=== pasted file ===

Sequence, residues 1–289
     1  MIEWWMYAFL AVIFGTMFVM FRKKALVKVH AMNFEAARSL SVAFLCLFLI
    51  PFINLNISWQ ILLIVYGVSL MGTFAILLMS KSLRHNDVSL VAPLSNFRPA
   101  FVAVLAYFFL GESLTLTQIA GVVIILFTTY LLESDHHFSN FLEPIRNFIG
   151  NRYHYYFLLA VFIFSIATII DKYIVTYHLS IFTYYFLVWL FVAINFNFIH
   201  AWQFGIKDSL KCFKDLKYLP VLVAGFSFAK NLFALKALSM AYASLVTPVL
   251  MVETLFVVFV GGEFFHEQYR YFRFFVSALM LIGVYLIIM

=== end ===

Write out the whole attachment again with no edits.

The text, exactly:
Sequence, residues 1–289
     1  MIEWWMYAFL AVIFGTMFVM FRKKALVKVH AMNFEAARSL SVAFLCLFLI
    51  PFINLNISWQ ILLIVYGVSL MGTFAILLMS KSLRHNDVSL VAPLSNFRPA
   101  FVAVLAYFFL GESLTLTQIA GVVIILFTTY LLESDHHFSN FLEPIRNFIG
   151  NRYHYYFLLA VFIFSIATII DKYIVTYHLS IFTYYFLVWL FVAINFNFIH
   201  AWQFGIKDSL KCFKDLKYLP VLVAGFSFAK NLFALKALSM AYASLVTPVL
   251  MVETLFVVFV GGEFFHEQYR YFRFFVSALM LIGVYLIIM